WORDS: charles fleming | PHOTOS: auburn cord duesenberg automobile museum
It was a unicorn; rare among the rare, unique even among unicorns. The very first production car, from a storied marque, owned by the same family for over a century, and recently restored to 100-point concours perfection. But, what to do with it?
Its owners were ageing. Their heirs were not in a position to carry on the family tradition. Of course, this automobile was worth millions at auction, but would the new owners treasure it and honour its legacy as lovingly as they should?
The car, a Pebble Beach Concours prize winner in 2013, was known as Duesenberg 1. It was the Duesenberg brothers’ first passenger model, a Model A Coupe. Its chassis was based on their successful racing record, powered by a 260ci straight-eight engine said to produce 90bhp.
The model was ordered from the Indianapolis factory in 1919, topped with bespoke coachwork by Bender Body Corporation of Cleveland, Ohio. It was delivered via ship to Hawaii, in 1921, to Samuel Northrup Castle.
Castle’s grandfather was the co- founder of Castle & Cooke, a major agriculture and real-estate firm on the Hawaiian Islands, and progenitor of the Dole Food Company. Castle – all seven feet and 300lb of him – used the Model A to tour the family’s plantations scattered around the Big Island. Aside from an early trip back to the factory for some work, the car remained in the islands until Castle’s death in 1959 – just as Hawaii became the 50th US state.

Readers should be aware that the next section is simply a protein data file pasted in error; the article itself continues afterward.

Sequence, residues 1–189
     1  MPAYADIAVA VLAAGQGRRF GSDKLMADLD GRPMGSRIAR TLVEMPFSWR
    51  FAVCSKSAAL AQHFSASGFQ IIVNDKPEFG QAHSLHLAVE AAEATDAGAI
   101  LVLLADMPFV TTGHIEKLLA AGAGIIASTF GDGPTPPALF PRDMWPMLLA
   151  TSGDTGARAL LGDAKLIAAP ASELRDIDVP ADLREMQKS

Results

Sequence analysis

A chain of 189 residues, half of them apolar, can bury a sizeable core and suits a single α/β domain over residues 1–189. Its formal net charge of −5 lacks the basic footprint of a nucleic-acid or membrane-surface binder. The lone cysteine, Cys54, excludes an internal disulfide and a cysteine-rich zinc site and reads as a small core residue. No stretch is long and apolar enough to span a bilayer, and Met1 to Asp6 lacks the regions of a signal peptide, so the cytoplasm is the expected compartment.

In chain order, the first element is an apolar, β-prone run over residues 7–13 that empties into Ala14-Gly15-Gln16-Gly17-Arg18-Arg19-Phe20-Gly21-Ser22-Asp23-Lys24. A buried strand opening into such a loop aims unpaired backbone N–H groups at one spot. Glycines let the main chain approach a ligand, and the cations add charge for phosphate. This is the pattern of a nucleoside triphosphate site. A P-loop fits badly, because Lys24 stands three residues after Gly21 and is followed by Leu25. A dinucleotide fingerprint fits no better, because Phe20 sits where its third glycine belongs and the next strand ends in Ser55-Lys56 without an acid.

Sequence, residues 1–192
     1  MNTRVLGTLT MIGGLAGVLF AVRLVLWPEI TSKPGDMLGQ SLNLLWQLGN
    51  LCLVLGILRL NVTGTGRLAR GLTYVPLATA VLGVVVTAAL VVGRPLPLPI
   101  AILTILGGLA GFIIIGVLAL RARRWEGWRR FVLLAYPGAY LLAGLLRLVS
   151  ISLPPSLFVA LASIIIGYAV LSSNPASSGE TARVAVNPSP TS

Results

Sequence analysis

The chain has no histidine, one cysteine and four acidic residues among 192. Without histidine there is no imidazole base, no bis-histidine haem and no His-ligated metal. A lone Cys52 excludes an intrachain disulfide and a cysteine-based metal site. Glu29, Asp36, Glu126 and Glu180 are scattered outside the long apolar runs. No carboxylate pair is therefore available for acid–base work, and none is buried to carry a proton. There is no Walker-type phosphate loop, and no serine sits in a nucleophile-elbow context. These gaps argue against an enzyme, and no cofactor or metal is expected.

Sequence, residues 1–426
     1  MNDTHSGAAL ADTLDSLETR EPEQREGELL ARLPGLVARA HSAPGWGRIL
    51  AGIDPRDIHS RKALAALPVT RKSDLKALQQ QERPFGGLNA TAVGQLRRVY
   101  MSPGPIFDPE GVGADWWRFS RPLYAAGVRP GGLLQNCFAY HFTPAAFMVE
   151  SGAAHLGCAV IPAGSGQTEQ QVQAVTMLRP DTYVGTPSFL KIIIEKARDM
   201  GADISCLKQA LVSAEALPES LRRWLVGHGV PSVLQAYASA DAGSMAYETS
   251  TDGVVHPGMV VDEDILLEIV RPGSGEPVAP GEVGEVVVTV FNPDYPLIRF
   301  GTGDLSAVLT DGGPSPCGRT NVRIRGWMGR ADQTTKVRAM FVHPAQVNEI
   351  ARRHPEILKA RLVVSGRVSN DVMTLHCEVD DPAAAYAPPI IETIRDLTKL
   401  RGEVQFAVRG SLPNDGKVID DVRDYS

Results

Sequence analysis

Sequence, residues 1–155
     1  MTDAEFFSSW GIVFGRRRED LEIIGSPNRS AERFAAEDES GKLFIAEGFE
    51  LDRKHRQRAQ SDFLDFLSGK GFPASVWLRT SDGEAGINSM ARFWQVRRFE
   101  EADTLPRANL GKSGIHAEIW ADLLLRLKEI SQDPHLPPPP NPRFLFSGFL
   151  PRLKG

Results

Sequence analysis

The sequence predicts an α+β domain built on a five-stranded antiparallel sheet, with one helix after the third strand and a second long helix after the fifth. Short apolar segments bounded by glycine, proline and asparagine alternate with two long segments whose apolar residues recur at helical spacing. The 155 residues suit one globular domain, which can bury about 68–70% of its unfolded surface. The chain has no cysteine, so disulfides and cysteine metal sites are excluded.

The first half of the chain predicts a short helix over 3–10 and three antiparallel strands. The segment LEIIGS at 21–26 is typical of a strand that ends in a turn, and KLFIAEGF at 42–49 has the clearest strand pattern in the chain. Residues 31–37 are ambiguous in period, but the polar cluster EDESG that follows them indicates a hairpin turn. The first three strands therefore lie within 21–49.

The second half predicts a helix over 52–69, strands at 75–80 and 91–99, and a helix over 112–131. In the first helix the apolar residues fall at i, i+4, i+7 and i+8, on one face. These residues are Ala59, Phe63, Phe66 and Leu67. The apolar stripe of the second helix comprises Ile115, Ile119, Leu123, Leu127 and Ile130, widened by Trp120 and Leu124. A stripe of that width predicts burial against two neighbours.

Ownership of the Model A passed down through the family, via nephew James C Castle and then to his son James Jr – known as Chris – and his wife CyrAnn. She ‘discovered’ it in a haybarn, near the historic family compound in Oahu’s Maunawili Valley, after one of her horses pulled a protective tarp off the car and started munching on its upholstery. “I thought it was a tractor,” CyrAnn recalled. “But when I asked Chris, he said: ‘Oh, that’s a Duesenberg.’”
Dazzled by what she saw and heard, CyrAnn insisted the Duesey be exhumed. Shortly after, the Castles – who were splitting their time between Hawaii and California, where James Jr had become involved in auto racing – brought the car to their barn near Carmel Valley.
After showing the family heirloom, unrestored, at Pebble Beach, they turned it over to Bruce Canepa. It was the car builder and former racer’s first pre-war restoration, and CyrAnn said the couple spent over $1 million restoring the Duesenberg to original perfection. That meant, among other things, removing updates such as the Model J headlights, hubs, steering wheel and more, and replacing them with the one-off authentic parts that came with the original build.
Soon after, the car was winning prizes at Pebble, Amelia Island and elsewhere. But as the Castles aged, they began driving and showing it less. In time, they realised their heirs weren’t as enamoured of the Duesey as they were. In 2016, they started a conversation with their friend Gordon McCall, creator of The Quail, A Motorsports Gathering and a major force in the Monterey Car Week.